Alton Brown Is Extremely Picky About His Martinis and We Don't Blame Him One Bit

Spoiler alert: He has specific needs from the temperature of the gin to the number of olives and the texture of the ice in the glass.

Host Alton Brown during judging of Chef Mike Gulotta's dishes, Soy Sauce Octopus Salad with Fresh Tomato Curry with Fried and Grilled Avocado, Charred Octopus with Crispy Potatoes Chorizo Squid Ink Aioli with Tomato Olive Citrus Marmalade, and Paella Negro Risotto, for the Secret Ingredient Showdown, as seen on Iron Chef Gauntlet, Season 1

Photo by: Eddy Chen

Eddy Chen

Like a roast chicken or a chocolate chip cookie, a martini is a very personal thing — everyone, and I do mean everyone — has an opinion about how it should be made. (Vodka or gin? Olive juice or neat? Up or on the rocks? Decisions, decisions, amirite?)

Alton Brown, however, is perhaps the chief martini-demand-maker. We caught up with him recently, and the Iron Chef Showdown host revealed the makings of what he called his "ideal martini." Spoiler alert: He has specific needs, from the temperature of the gin to the number of olives and the texture of the ice in the glass.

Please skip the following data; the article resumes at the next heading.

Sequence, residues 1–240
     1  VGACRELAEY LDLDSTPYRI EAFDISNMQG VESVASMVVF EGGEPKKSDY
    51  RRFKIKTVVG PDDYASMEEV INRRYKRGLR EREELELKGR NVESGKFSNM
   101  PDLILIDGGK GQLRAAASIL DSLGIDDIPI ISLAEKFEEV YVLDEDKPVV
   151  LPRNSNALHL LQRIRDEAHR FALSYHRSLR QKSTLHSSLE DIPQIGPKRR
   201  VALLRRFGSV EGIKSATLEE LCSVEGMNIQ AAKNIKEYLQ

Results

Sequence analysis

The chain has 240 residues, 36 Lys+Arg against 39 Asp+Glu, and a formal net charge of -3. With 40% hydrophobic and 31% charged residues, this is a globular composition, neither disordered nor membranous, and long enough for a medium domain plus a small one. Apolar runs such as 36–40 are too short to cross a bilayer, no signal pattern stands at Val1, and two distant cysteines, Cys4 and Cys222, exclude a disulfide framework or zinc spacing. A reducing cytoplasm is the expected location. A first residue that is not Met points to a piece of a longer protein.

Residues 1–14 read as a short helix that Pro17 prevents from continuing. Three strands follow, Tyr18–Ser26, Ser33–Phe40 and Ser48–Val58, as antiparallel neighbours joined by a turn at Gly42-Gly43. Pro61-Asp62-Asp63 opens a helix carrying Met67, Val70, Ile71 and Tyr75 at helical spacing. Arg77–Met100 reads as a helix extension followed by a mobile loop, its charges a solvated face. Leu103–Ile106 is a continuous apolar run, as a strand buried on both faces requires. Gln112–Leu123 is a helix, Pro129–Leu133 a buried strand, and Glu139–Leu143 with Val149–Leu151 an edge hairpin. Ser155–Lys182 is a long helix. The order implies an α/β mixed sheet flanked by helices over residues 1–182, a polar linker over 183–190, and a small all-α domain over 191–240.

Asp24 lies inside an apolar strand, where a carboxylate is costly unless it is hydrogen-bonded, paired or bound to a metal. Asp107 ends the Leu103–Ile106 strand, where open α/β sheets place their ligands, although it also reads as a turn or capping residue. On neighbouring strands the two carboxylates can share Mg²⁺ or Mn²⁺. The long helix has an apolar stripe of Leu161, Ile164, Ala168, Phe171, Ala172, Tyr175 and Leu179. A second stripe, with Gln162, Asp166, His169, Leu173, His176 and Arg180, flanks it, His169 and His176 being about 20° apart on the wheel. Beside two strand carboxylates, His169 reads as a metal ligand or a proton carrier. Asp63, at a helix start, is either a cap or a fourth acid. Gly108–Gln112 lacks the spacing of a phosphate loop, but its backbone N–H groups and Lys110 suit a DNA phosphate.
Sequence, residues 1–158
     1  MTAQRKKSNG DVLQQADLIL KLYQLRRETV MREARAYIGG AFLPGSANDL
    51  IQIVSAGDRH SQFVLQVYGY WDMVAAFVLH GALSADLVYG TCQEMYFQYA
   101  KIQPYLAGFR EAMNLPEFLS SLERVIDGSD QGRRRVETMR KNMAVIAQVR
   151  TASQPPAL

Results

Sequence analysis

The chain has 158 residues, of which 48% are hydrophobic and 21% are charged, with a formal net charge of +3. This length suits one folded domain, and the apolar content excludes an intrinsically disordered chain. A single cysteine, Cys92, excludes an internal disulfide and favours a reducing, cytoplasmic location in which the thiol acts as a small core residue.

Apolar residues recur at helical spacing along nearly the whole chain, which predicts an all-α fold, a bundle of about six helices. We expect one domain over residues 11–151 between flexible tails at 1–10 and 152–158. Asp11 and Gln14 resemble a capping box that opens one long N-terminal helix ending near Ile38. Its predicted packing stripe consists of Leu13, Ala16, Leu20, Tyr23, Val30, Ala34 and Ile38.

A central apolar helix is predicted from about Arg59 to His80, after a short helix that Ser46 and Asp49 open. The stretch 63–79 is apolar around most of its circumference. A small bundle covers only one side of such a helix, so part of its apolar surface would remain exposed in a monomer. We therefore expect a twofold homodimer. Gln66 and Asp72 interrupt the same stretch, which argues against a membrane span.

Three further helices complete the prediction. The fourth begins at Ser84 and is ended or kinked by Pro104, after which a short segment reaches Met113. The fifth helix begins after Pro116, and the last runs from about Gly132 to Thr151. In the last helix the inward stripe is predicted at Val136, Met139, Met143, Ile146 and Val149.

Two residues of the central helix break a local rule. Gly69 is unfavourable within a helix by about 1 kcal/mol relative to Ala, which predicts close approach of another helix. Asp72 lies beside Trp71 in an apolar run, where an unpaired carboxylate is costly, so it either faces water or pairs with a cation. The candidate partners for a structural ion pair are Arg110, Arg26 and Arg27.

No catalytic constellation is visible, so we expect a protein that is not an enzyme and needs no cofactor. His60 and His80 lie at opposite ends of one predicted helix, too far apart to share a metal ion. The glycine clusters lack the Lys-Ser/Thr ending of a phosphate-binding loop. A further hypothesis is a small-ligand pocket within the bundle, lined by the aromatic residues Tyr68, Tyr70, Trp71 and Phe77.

First things first, though. Let's talk about the liquor. For Alton, it's gin (and, yes, vermouth, but gin is the important part here). " I generally do 60 milliliters of gin and 20 milliliters of vermouth and 10 milliliters of olive brine," he explains. But believe it or not, the gin isn't the most-essential piece to Alton.

Instead, the absolute key, he adds, is the fact that there must be always three olives and gin that's ice-cold. He recommends keeping the gin right in the freezer. Actually, freezer-level-cold gin is a must, he says. "That’s actually super critical, and everything needs to be as cold as possible."    

Speaking of cold, let's talk ice. Alton skips the shaker, he explained, in favor of his "mixing pitcher." And no, he doesn't just scoop cubes out of a plastic ice mold; there's a three-step process. "I will slosh a little bit of gin around the ice, dump it out and stick the pitcher with the ice with whatever gin is coating it into the freezer for a while," he told us. "What that does is it lowers the melting point of the ice. When you mix your martini, I don’t stir it with a stirrer. I literally just shake the beaker, and you strain it out."

What results from all this, he said, is his ideal martini that's "a little bit dirty" and, of course, just icy enough. "You get those perfect little crystal of ice that naturally form on top of the martini, which I find positively delightful."

(Have you put your gin in the freezer yet? Do it and do it quickly.)

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